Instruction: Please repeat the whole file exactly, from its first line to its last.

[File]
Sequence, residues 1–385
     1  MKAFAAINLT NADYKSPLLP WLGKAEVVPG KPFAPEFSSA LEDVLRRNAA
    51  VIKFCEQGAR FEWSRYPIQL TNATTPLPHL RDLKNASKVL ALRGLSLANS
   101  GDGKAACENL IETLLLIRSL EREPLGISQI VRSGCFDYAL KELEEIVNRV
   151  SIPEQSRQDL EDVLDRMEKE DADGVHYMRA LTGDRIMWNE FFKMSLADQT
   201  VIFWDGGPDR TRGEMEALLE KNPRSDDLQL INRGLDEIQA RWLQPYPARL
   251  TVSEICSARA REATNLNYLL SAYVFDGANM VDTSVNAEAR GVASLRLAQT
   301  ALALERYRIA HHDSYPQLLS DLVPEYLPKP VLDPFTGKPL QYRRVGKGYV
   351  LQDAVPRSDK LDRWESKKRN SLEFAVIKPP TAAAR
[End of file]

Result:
Sequence, residues 1–385
     1  MKAFAAINLT NADYKSPLLP WLGKAEVVPG KPFAPEFSSA LEDVLRRNAA
    51  VIKFCEQGAR FEWSRYPIQL TNATTPLPHL RDLKNASKVL ALRGLSLANS
   101  GDGKAACENL IETLLLIRSL EREPLGISQI VRSGCFDYAL KELEEIVNRV
   151  SIPEQSRQDL EDVLDRMEKE DADGVHYMRA LTGDRIMWNE FFKMSLADQT
   201  VIFWDGGPDR TRGEMEALLE KNPRSDDLQL INRGLDEIQA RWLQPYPARL
   251  TVSEICSARA REATNLNYLL SAYVFDGANM VDTSVNAEAR GVASLRLAQT
   301  ALALERYRIA HHDSYPQLLS DLVPEYLPKP VLDPFTGKPL QYRRVGKGYV
   351  LQDAVPRSDK LDRWESKKRN SLEFAVIKPP TAAAR